If you'd like to know more about how I hand quilt, you can click on the tab at the top of the page, or click here. 

For the wonky stars around the edges I echo quilted each one in the 12 wt grey, and then echo quilted again around the inside of the square with a matching Aurifil 28wt thread.

If you're keen to make this quilt, I recommend that you pop over to Elizabeth Eastman's blog OP Quilt and follow the steps in her quilt along.  Quiltmania did publish the pattern in Simply Moderne, but there were some errors that Elizabeth corrects in her posts.
I provided some of the information and photos in Elizabeth's posts, so I can guarantee the instructions she has provided are correct.

You can read my previous posts on this quilt here.

My quilt is bright and colourful to represent Christmas down under.  I live in New Zealand and it's Summer here and all the plants are flowering.  This is what Christmas looks like in New Zealand and Australia:

Don't you wish you could celebrate Christmas in summer? Or would that just feel wrong?

Merry Christmas.

Sunday 15 December 2019

My list of distractions for 2019

When I look back at 2019 and think about the number of quilts I finished, it's very low.  You could count them on one hand. 

But then I think about all the other things I made in 2019, and I feel happy with the variety of things I worked on in 2019. If I spent the equivalent of a month on each one of these 9 things, then I would only have had 3 months available for quilting!

Here are some of the non quilty things I made in 2019, with links to my blog posts about them where applicable:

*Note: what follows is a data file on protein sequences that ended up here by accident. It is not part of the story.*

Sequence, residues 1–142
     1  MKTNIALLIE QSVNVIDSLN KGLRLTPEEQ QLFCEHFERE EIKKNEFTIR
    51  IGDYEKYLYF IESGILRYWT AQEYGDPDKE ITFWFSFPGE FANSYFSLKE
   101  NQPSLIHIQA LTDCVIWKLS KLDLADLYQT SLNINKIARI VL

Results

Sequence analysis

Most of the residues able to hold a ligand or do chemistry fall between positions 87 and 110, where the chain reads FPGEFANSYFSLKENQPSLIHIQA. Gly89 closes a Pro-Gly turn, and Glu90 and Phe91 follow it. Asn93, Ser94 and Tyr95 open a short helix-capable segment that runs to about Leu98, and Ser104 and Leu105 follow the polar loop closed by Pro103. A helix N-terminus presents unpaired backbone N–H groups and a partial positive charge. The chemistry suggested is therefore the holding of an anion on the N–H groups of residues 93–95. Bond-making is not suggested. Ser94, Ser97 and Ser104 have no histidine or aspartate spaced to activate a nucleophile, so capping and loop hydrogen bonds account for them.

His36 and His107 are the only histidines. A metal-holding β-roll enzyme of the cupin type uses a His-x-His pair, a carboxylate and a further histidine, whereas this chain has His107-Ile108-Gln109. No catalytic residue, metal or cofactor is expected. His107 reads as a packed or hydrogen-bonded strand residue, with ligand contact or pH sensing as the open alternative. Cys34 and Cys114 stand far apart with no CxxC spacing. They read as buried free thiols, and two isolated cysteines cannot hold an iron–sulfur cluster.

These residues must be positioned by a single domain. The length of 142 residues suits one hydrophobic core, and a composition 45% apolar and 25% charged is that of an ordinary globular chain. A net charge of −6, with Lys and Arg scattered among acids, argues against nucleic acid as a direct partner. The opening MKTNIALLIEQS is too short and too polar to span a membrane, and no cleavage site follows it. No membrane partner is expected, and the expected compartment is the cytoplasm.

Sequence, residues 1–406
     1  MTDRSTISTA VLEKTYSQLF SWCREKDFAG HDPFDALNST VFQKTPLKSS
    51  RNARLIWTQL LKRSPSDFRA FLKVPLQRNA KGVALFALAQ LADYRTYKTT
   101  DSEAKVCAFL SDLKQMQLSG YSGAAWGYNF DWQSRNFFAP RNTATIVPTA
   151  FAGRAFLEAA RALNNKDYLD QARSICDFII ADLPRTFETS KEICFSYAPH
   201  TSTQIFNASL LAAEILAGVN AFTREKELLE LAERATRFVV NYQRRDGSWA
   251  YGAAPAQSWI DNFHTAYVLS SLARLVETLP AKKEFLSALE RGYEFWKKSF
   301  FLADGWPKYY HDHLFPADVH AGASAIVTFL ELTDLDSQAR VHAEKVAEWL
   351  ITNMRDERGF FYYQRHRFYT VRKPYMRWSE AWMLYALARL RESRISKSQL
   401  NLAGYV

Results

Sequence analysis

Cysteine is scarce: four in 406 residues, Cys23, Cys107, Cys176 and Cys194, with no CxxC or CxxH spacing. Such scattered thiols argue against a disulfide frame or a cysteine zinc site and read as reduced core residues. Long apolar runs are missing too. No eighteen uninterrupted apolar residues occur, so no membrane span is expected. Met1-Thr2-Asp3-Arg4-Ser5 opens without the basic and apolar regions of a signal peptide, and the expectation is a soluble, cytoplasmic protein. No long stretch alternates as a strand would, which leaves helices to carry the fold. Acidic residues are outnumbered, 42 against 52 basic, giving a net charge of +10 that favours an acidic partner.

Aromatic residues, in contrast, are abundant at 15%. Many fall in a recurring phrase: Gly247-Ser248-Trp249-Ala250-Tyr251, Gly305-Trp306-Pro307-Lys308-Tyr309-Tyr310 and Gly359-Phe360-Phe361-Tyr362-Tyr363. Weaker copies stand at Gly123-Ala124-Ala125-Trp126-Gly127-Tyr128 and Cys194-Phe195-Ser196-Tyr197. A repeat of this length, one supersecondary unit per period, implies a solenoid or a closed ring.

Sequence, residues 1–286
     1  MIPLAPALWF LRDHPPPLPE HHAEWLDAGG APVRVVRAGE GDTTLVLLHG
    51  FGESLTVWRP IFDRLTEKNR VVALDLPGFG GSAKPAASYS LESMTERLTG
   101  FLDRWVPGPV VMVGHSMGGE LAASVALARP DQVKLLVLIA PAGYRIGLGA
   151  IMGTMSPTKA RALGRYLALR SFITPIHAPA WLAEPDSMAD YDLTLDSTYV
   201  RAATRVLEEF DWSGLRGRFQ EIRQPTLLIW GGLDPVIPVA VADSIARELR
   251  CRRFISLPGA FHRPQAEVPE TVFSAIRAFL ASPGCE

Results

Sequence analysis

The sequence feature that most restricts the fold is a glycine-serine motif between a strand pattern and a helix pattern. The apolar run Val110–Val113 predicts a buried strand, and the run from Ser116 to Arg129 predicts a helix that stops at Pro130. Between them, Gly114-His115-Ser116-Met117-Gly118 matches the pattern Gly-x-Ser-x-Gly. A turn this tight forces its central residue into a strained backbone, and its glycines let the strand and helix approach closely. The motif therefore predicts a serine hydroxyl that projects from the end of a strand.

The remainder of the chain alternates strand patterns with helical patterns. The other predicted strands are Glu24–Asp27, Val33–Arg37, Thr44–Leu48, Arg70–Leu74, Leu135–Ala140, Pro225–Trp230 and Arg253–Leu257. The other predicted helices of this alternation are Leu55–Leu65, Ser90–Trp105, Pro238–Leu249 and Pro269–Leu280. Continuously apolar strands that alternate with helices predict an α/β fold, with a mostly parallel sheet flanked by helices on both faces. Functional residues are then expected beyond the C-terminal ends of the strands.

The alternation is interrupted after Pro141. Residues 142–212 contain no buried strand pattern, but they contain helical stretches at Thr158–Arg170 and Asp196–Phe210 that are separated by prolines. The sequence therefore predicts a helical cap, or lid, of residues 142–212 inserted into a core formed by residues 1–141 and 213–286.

Bowl Me Over bag from Patterns by Annie

Giraffes tapestry cushion by Kim McLean

Kaffe Fassett scarf by Rowan

Woolly hat - pattern from Big Wool Knits by Rowan

Gingerbread retreat cottage

Sashiko table runner


Whole cloth cushion

When I think about all the hours spent making these things, I realise why I didn't finish many quilts!

But I enjoyed making these things, and that's what counts. Do you have a favourite from this mix?

Friday 13 December 2019

Ballet with Kaffe revisited (and the Peacock Party)

My poor Ballet with Kaffe quilt has been neglected for months.  So many other tempting things have come along this year, so I put this one away and haven't done anything on it since February.

However, Quiltmania have just started advertising Willyne Hammerstein's fourth book, Millefiori Quilts 4 and that has spurred me into action.

Of course I want the new book, and I probably want to make quilts from it, so I really need to finish my Ballet with Kaffe from book 2. I've worked on it every night this week with no distractions.  That's pretty good for me!

You can read more about this quilt on the Ballet with Kaffe - Millefiori Quilts 2 tab at the top of the page or by clicking here.

Now it's time for the Peacock Party.
What have you been up to this week? Have you had any time for quilting or stitching? Or are you busy preparing for Christmas?

You are invited to the Inlinkz link party!
Click here to enter

Sunday 8 December 2019

Updated finishing tips for the Gingerbread Village (Dec 2019)

I know a lot of people are keen to make their own Gingerbread Villages, but are put off by the need to convert their precious embroidery into a 3D object.

I'm here to reassure you that if you have the right equipment, and take it slowly, you can create beautiful 3D ornaments.

All of these patterns are by Thea Dueck of The Victoria Sampler.